child, and I took them to heart. Whatever I do, whatever capacity I am acting in life, I try to live by the words of this poem. For example, compelled by the inherent challenges of an immigrant’s life to reinvent myself from the high-profile lawyer that I was before I moved (from the Philippines) to the United States, I took comfort in this poem’s message that it doesn’t matter what I become in my new country as long as I (strive) to be the best of whatever I wanted to be. Thus, when I decided to become a creative writer, I grabbed and studied every book on writing I could and joined writers’ clubs. After about three years, the first time I submitted (a short story) to a national writing competition, I won first place. Winning gave me the motivation to keep
on going.

Maria Victoria A. Grageda-Smith is the author of the poetry collection “Warrior Heart, Pilgrim Soul: An Immigrant’s Journey.”


novel5Embrace the Unknown
David Wolf

For me, poetry has always been tied to ideas and they have to be driven by imagery. I read “Monologue of a Dog” by Wislawa Szymborska when it was published in The New Yorker and I loved it; I have it posted outside my office. It’s about life, which is a broad subject, but she handles it beautifully. It takes you through several images and suggests life as being the only way you’ll experience these very specific truths. The poem also suggests that life is the only way to “keep on not knowing something important.” It could be interpreted in many ways, but I took it as the fact that we go through life not knowing many important things, and we should be comfortable with that. I think it was Henry Miller who said this: When we are young, we read to be transformed, but when we’re older, we read as a confirmation of how we’ve experienced life.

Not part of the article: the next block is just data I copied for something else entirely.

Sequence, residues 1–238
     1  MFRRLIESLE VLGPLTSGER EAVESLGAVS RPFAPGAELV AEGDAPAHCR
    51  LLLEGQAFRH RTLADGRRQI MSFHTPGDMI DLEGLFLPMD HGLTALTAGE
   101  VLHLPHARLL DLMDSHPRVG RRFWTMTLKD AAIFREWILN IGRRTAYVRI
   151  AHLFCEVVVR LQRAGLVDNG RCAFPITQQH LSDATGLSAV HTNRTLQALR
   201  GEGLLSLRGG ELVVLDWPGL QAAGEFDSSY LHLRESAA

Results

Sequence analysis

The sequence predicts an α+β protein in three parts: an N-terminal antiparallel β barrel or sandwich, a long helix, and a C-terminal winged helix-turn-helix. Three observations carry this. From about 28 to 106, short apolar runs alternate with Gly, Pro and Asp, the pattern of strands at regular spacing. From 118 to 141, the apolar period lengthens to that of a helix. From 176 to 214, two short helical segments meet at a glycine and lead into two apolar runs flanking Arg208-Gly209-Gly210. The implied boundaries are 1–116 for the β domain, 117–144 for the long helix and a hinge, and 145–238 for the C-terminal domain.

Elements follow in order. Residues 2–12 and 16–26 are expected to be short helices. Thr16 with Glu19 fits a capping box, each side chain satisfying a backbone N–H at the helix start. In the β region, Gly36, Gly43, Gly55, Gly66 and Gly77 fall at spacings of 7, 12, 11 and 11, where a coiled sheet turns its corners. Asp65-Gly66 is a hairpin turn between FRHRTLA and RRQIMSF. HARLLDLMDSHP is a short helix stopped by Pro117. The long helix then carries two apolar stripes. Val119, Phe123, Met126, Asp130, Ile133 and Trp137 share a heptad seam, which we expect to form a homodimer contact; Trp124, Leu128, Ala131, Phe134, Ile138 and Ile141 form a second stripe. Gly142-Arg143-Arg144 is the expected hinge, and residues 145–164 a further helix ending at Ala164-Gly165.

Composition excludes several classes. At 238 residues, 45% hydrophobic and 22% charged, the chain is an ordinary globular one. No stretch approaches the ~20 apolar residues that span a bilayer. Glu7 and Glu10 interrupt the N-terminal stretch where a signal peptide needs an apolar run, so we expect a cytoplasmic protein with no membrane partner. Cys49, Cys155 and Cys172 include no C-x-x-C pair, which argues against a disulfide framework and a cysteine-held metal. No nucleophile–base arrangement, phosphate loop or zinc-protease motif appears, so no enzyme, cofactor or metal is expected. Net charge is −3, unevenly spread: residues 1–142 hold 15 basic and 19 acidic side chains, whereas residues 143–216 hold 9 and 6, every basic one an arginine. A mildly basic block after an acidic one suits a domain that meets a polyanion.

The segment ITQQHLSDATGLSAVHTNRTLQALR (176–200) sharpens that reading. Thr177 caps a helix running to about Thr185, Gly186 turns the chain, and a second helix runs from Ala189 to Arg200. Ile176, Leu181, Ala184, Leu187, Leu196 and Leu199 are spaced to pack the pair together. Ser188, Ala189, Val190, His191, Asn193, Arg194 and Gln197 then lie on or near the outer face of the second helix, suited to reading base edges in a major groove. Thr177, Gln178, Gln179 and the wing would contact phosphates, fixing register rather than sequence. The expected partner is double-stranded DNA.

David Wolf, chair of the English department at Simpson College, is the author of four collections of poetry: “Open Season,” “The Moment Forever,” “Sablier” and “Sablier II.”


novel6Enjoy the Journey
Jennifer Wilson

Sometimes I feel like my life truly began when I read the poetry of Walt Whitman. I’d had a fairly sheltered life growing up, so when I went to college, and I began the unofficial search for who I wanted to be, I had all sorts of incredible influences. My soul yawned wide open and took it all in, especially with “Leaves of Grass.” I still have the paperback I bought in college; its yellowed, brittle pages are falling out, and it’s stuffed with old love notes. It needs a new layer of tape, come to think of it. So when my kids have that soul-yawning moment, they too can read just the right words; that’s the magic of a book, or a poem. (These words) sit with you before the first epic solo trip of your adult life. Because really, it’s all about the solo trip, isn’t it?